The evolution of religiosity by kin selection

Kerstin Stucky*, Andy Gardner

*Corresponding author for this work

Research output: Contribution to journalArticlepeer-review


Despite religion’s apparent ubiquity, hypotheses about the selection pressures that may have shaped its cognitive foundations remain controversial. Here, we develop and analyse a mathematical model inspired by Crespi and Summers’ suggestion that parent-offspring conflict has driven the evolution of religious beliefs to explore the causes and consequences of these selection pressures. To this end, we employ kin selection methodology to investigate how selection may mould an individual’s propensity for religiosity and corresponding patterns of gene expression, revealing that the evolution of religiosity is modulated by genetic relatedness between social partners, that selection in relation to religiosity may depend on an individual’s age and sex, and that religiosity can foment intragenomic conflicts of interest that give rise to parent-of-origin specific patterns of gene expression and concomitant clinical disorders. More generally, we develop a formal, theoretical framework that enables the derivation of clear-cut, comparative predictions about adaptive as well as maladaptive phenotypes.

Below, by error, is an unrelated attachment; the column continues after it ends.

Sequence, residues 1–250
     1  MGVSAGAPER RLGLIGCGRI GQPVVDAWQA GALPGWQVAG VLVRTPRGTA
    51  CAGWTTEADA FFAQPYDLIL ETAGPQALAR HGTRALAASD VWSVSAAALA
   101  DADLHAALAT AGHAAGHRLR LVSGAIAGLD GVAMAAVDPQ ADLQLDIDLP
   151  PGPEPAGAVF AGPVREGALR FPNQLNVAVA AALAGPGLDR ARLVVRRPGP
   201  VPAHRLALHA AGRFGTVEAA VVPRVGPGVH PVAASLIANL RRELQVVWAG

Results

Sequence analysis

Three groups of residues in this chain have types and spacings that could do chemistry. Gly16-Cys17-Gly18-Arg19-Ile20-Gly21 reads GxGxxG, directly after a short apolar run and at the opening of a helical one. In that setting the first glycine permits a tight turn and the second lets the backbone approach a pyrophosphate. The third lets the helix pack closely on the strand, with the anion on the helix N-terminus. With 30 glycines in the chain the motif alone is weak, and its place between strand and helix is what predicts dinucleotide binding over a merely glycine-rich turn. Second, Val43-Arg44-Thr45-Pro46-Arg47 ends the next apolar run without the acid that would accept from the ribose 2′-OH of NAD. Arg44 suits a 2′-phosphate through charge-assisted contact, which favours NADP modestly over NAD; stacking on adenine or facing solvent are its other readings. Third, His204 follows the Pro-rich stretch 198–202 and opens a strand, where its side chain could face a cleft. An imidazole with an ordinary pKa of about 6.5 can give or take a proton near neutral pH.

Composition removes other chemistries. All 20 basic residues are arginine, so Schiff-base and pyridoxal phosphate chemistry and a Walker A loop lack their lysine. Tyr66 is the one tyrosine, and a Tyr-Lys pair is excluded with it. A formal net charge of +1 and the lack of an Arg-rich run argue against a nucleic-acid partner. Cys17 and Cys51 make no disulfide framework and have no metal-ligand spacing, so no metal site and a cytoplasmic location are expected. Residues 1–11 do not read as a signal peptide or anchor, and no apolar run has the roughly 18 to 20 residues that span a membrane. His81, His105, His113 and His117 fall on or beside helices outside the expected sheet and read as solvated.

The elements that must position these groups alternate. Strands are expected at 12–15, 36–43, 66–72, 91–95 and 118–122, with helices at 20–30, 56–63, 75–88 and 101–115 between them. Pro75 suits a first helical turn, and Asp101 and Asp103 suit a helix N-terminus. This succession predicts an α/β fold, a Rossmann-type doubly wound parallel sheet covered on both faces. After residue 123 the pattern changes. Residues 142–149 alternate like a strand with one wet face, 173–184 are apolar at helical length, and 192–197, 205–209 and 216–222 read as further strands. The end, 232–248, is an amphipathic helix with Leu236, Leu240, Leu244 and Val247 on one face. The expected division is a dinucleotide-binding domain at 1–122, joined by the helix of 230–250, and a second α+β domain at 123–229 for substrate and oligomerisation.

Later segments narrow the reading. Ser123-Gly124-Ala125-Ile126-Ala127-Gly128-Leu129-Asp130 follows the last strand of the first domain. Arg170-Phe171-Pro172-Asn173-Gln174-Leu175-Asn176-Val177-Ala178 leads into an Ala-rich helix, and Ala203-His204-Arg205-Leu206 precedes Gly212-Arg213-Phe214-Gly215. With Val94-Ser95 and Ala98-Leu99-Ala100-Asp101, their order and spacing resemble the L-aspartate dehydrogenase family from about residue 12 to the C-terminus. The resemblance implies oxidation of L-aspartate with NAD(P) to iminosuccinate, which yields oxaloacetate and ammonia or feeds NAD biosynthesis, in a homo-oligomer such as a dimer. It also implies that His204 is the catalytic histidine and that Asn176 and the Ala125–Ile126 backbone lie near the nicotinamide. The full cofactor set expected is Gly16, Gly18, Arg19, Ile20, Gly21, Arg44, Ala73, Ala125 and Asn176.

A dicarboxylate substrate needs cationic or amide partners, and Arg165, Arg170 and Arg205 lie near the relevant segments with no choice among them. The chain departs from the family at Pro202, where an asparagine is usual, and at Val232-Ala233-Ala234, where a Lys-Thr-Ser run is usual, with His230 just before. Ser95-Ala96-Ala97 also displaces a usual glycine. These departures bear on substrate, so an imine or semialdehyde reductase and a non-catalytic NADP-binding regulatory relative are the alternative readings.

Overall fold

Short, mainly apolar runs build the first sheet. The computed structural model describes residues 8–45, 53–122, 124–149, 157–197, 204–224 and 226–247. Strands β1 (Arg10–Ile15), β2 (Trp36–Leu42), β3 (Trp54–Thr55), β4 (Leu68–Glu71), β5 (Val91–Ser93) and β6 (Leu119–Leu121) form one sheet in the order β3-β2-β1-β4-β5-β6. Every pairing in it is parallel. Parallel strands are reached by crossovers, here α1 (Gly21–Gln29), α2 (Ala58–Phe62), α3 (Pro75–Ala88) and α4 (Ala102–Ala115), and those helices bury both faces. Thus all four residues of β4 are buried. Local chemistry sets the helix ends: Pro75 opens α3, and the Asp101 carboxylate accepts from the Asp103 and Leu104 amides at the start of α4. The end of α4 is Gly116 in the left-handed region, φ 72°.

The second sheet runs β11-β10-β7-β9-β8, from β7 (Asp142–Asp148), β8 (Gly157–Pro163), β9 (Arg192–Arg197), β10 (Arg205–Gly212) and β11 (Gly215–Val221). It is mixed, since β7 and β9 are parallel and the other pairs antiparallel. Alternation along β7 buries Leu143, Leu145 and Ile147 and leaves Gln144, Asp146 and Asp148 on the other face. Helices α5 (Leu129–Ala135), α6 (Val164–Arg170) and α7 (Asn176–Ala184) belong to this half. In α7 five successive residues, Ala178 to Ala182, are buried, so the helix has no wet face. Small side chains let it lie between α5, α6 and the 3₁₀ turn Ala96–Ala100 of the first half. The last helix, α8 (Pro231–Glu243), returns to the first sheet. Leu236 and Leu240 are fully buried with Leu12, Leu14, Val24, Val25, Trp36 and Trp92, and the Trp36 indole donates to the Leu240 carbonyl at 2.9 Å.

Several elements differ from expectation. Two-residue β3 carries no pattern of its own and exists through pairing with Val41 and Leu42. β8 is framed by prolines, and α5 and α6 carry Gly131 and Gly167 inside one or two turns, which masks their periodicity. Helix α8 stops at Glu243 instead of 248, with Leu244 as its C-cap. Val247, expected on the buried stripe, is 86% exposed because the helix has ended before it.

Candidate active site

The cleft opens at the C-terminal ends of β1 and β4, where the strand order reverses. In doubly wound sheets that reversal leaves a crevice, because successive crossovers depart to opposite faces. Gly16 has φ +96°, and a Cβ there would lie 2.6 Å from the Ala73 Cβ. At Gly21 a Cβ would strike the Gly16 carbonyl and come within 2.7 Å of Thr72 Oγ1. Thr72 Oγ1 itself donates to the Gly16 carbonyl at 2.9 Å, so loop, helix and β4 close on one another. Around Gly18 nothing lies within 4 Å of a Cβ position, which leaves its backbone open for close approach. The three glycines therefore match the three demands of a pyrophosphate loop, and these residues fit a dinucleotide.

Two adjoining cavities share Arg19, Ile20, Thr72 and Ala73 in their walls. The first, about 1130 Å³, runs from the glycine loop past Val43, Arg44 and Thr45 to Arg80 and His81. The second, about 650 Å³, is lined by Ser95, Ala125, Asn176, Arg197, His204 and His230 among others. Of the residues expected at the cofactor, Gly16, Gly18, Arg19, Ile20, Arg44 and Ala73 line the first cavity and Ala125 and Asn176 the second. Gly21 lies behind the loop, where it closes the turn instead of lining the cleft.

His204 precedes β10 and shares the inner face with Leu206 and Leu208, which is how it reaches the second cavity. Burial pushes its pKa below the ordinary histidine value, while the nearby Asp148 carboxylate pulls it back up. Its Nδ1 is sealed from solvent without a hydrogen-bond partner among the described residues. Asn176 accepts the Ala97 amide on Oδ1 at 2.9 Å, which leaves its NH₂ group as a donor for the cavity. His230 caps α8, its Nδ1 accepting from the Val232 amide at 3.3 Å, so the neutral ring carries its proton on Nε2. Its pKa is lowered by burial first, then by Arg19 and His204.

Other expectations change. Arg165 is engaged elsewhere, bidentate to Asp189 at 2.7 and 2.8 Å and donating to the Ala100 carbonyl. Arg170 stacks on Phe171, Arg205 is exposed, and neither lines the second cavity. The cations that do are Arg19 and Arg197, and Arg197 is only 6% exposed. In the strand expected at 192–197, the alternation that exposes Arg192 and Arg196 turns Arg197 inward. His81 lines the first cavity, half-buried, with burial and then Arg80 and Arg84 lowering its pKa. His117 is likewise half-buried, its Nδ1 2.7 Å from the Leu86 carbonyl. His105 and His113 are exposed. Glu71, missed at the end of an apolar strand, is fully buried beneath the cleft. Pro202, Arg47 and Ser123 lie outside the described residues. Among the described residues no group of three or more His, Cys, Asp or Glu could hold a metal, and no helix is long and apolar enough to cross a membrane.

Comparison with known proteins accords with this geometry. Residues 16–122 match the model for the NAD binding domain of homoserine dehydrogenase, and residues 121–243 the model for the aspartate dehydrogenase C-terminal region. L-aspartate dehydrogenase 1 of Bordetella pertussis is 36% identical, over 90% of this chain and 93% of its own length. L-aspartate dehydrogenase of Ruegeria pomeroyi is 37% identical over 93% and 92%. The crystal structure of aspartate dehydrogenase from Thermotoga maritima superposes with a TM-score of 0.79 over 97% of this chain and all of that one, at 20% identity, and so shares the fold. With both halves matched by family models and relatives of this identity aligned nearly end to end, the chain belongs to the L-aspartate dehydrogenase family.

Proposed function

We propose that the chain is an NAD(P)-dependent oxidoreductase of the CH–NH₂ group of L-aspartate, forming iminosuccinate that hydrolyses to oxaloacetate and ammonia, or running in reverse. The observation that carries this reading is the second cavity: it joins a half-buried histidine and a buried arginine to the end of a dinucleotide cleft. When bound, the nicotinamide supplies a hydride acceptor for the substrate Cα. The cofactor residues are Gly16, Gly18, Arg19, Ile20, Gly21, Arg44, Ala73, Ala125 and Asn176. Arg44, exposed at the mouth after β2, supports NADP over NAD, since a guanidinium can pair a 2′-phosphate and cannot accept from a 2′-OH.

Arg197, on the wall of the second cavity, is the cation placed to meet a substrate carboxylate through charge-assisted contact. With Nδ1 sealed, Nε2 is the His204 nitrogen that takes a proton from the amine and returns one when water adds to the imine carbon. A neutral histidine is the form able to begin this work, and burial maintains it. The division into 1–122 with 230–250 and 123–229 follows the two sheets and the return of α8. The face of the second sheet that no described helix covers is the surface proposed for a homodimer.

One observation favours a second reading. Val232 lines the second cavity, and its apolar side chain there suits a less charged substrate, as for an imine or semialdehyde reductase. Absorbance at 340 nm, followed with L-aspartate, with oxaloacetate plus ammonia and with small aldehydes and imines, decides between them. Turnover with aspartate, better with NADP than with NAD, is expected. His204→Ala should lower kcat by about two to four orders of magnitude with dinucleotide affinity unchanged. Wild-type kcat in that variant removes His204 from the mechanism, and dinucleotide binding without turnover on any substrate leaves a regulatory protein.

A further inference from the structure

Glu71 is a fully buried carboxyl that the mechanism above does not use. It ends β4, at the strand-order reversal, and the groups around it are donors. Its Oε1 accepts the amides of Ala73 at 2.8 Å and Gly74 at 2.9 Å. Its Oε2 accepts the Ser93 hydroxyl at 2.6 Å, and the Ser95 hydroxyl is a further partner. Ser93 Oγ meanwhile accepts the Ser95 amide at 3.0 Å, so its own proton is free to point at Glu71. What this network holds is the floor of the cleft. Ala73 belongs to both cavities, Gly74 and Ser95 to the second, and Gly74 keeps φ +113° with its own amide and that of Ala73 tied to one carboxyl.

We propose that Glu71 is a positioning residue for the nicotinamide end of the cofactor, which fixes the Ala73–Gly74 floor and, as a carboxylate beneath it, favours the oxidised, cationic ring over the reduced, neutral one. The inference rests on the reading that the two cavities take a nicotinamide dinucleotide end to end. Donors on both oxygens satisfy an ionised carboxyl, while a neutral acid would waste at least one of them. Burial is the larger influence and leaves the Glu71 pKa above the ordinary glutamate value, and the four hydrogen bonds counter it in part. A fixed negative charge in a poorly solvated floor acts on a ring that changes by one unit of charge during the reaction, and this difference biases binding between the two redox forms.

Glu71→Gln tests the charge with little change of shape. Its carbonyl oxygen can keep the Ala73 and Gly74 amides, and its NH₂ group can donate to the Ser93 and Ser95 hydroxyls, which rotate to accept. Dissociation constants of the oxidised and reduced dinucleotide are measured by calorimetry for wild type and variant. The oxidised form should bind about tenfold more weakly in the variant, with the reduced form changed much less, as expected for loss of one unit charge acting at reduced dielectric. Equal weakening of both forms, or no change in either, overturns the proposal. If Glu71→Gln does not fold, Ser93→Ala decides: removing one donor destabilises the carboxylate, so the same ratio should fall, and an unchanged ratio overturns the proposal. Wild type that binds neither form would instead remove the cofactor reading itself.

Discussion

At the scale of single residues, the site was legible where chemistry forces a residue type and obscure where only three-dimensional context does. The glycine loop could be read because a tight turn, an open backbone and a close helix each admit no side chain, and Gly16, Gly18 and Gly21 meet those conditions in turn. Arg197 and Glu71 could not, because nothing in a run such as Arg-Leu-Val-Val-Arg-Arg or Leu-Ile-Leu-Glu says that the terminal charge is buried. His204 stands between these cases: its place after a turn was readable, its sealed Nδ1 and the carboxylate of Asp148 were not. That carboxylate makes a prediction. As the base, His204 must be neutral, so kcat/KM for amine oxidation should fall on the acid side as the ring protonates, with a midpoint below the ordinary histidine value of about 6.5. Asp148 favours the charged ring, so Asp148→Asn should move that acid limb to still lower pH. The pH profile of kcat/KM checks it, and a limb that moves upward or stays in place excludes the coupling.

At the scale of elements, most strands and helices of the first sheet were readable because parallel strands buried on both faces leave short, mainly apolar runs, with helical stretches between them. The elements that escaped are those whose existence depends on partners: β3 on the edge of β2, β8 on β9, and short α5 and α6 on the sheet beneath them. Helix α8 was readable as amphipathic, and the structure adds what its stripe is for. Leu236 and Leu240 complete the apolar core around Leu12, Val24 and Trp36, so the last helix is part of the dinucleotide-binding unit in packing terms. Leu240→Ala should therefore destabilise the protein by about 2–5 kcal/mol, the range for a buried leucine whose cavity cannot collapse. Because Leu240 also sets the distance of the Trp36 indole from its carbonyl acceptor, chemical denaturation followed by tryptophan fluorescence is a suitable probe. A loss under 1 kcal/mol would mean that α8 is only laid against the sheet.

Original languageEnglish
Number of pages18
JournalReligion, Brain & Behavior
VolumeLatest Articles
Early online date10 Jun 2022
Publication statusE-pub ahead of print - 10 Jun 2022


  • Evolution
  • Genomic imprinting
  • Inclusive fitness
  • Intragenomic conflict
  • Imprinting disorders
  • Kin selection
  • Neurodevelopmental disorders
  • Religion


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